Posts Tagged ‘Asilomar Retreat’

the way to the way

January 18th, 2011    -    5 Comments

Ordinary life fits the absolute as a box and its lid.
The absolute works together with the relative
like two arrows meeting in mid-air.
Reading words you should grasp the great reality.
Do not judge by any standards.
If you do not see the Way, you do not see it even as you walk on it.
When you walk the Way, it is not near, it is not far.
If you are deluded you are mountains and rivers away from it.
I respectfully say to those who wish to be enlightened:
Do not waste your time by night or day.

– from The Identity of Relative and Absolute, 8th century Zen poem

A limited number of scholarships are now available to the Plunge at Asilomar, my next retreat on Saturday, Feb. 12. If you or a friend needs assistance, you’ll find the way here. Please leave me a private message via my Contact page.

Photo: The way to Asilomar.

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The long curve of kindness

January 5th, 2011    -    50 Comments

Love is kind. 1 Corinthians 13:4

There is a lot of talk about love. There is a lot of talk about kindness. There is a lot of talk about something we might think is a high-potency spiritual blend of the two called lovingkindness. Oh, that’s the kind of kindness I want!

Everything we say about these things is one degree removed from the thing itself. But here I go in my infinite unkindness.

Lovingkindness is the absolutely emptied, undisturbed, vast and open state of mind we realize through meditation practice. Here she goes about practice again. I’ll find my brand of kindness somewhere else!

There is nothing else.

At the bottom, beneath it all, without any intention or elaboration, is lovingkindness. It is what we are; it is what everything is, as it is. When you actually experience it, not just talk about it, you find out for yourself. These days some people in the “help” business might sprinkle the mumbo-jumbo of Buddhist lingo on top of their talk to give it a little spiritual flavor. But unless you practice, the language alone is unfulfilling. It is inauthentic. When you serve it, no one can taste the truth. What is true?

Being is love; being is kind.

It is immediate and eternal. It is ever-present, absent the insidious self-centered spin we persist in putting on things.

Kindness is the long, gentle, never-ending curve we walk on.

Kindness is what we breathe. Kindness is what we eat, when we are not swallowing the bitter aftertaste of our own unkindness. The kindness of real food is what nourishes and sustains life, which is an act of love. read more

The myth of multitasking

January 3rd, 2011    -    27 Comments

This is the first in a series of posts that I am reprising in the spirit of Asilomar, the breathtaking patch of Northern California coastline which inspired them in the first place. It is my attempt to motivate you to join me there on the Monterey Peninsula on Saturday, Feb. 12 for the Plunge at Asilomar, my next one-day retreat. Read more and then register to attend. In the bustle and fury that accompanies the first working day of the new year, I suggest you allow yourself to do just one thing at a time. You will be amazed at what you get done in no time at all.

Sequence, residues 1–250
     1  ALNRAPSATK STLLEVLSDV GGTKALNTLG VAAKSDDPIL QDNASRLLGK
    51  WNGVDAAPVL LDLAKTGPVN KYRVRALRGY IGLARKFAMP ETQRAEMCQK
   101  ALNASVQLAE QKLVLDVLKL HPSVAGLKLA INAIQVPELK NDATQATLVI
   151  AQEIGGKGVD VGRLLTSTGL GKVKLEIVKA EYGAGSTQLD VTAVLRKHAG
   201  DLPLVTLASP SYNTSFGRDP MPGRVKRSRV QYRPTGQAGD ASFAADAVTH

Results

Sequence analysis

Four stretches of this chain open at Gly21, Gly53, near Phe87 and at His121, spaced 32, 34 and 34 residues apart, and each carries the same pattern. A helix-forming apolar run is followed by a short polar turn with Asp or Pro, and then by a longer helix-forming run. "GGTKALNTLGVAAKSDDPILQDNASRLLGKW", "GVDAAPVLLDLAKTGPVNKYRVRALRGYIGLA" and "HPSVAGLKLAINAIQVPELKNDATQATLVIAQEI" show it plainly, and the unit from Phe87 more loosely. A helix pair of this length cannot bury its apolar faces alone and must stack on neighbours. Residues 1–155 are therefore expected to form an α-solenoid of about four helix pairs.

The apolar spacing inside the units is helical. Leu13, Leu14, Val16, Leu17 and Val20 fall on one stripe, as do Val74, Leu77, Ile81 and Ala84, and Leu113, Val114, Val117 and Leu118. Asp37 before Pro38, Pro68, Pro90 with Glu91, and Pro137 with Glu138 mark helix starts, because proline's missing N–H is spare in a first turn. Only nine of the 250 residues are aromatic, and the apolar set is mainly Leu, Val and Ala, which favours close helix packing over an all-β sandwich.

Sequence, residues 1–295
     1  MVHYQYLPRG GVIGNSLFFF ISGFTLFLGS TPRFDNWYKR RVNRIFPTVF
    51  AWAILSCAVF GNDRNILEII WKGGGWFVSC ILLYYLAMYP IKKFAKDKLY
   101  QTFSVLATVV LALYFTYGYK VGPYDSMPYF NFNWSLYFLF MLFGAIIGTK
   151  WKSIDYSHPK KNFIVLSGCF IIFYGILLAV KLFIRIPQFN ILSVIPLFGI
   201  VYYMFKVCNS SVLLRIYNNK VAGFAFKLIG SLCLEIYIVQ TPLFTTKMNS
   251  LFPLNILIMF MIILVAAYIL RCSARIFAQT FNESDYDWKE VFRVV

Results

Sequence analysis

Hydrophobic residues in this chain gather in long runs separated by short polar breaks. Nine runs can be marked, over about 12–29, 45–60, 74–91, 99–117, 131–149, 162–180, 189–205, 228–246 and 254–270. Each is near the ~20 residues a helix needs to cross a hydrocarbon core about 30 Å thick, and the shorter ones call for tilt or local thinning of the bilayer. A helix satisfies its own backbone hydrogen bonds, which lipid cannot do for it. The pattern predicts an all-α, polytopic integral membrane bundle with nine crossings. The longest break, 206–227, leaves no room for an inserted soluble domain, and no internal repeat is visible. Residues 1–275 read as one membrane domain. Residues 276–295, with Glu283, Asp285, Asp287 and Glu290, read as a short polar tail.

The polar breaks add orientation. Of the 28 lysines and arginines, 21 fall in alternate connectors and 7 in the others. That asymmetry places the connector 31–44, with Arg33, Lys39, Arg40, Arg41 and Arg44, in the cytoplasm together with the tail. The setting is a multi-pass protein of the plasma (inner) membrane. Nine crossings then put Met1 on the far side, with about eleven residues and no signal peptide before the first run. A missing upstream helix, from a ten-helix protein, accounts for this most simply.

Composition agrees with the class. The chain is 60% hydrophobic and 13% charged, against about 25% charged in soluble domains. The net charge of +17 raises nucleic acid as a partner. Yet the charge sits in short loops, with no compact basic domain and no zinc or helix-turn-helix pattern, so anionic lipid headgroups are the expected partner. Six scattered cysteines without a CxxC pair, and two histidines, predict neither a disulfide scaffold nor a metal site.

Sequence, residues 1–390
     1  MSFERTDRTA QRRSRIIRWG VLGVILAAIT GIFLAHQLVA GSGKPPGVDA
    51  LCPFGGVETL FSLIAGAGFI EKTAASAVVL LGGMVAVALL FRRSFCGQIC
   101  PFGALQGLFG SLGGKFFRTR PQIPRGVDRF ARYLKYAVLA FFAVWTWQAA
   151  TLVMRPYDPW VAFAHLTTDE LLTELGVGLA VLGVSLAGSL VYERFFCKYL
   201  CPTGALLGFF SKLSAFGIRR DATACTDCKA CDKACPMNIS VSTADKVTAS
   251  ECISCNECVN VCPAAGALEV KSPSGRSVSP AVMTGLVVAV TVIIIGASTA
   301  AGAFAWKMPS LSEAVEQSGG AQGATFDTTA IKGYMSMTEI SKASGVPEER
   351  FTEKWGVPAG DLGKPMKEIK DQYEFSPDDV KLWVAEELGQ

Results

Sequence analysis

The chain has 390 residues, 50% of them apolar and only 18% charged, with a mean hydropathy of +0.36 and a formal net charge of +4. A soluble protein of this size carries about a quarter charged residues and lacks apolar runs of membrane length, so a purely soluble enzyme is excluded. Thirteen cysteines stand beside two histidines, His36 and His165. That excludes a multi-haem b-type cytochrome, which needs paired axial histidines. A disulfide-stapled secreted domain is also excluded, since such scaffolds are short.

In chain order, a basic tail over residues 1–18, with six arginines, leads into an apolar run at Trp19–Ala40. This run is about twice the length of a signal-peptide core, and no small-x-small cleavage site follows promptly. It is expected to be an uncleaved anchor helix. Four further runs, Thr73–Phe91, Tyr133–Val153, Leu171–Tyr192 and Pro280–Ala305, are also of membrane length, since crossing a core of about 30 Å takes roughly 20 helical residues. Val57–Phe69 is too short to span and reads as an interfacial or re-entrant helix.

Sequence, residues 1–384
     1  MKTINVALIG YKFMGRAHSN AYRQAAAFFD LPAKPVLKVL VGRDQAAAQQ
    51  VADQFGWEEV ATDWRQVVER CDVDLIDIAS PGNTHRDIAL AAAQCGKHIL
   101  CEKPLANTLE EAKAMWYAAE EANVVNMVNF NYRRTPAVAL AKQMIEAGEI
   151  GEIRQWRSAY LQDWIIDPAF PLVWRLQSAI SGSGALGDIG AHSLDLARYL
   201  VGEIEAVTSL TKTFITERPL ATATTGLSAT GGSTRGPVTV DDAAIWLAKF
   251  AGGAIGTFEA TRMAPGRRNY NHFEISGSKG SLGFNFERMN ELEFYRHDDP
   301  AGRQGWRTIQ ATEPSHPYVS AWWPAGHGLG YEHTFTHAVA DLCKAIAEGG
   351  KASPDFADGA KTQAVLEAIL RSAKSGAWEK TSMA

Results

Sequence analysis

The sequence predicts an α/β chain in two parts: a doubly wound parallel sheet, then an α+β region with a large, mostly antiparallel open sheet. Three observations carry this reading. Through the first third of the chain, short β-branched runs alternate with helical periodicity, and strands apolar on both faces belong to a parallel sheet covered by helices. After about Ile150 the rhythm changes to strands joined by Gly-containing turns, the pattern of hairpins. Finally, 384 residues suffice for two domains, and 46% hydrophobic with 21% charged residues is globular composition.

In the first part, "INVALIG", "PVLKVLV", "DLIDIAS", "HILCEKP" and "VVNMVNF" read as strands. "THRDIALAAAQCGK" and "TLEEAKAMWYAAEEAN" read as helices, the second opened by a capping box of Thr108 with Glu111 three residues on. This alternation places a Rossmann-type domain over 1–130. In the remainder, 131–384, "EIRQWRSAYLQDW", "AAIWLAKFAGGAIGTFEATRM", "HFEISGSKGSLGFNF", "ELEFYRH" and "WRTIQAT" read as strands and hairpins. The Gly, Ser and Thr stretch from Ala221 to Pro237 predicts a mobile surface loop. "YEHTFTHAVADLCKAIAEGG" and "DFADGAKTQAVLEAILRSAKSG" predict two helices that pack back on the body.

I would have written this post earlier but I had a million things to do, and I did them one at a time.

I am a monotasker. By that I mean I do things one at a time. I used to think I was a multitasker. Now I’m not so sure that anyone is a multitasker, although many people think they are quite good at it, and even want to give people advice on how to become better at it themselves.

Learning how to be a better multitasker seems to me like learning to speak another language so you can have multiple personalities. An interesting process but you still end up insane.

During the time in my life when I considered myself a world-class multitasker, I was the head of a company. I worked all the time, doing a lot of different projects, for a lot of different clients, with a busy staff of people. It felt like I was doing everything, all the time, all at once, but I ended most days feeling like nothing got done! Sort of like this:

I suppose because we have more than one hand, we believe that we can do more than one thing at a time. But the brain doesn’t work like that. We have only one brain, and it pays attention to only one thing at a time. You might argue that you fold laundry while watching TV, two things at once. But if you could slow your mind down enough to follow the focus of your attention, you’d see that for one split-second, you were folding the towel, then for the next split-second, you heard a snippet of dialogue. Everyone’s mind is quick and facile, but only focuses on one thing at a time. You took longer to fold the towels and you missed the punch line. The fact is, we are so distracted so much of the time, so overstimulated and preoccupied, that we aren’t paying attention to much of anything at all.

Being a monotasker doesn’t mean you do things slowly. It means you do things singly. And that’s what gets them done. As a mother, you are a megamonotasker. You do a million things a day, one at a time. Your job is to focus your attention on what is in front of you, and let your attention do the job. Attention can do anything, because attention is love.

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a retreat is like this

December 5th, 2010    -    3 Comments

Everything comes out in the wash.

The Plunge at Asilomar
Saturday, Feb. 12, 2011 9:30 a.m.-4 p.m.
Asilomar Conference Center, Pacific Grove near Monterey, California
Registration $100 per person

Sign up on the Retreats page.

P.S. Gone on retreat. Be back when I’m soaking wet.

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